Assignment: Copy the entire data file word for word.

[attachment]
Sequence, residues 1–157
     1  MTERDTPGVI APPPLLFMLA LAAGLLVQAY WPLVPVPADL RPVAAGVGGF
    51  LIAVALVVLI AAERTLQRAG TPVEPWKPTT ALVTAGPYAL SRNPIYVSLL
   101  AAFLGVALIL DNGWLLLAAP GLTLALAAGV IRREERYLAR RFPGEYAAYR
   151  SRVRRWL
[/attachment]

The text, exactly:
Sequence, residues 1–157
     1  MTERDTPGVI APPPLLFMLA LAAGLLVQAY WPLVPVPADL RPVAAGVGGF
    51  LIAVALVVLI AAERTLQRAG TPVEPWKPTT ALVTAGPYAL SRNPIYVSLL
   101  AAFLGVALIL DNGWLLLAAP GLTLALAAGV IRREERYLAR RFPGEYAAYR
   151  SRVRRWL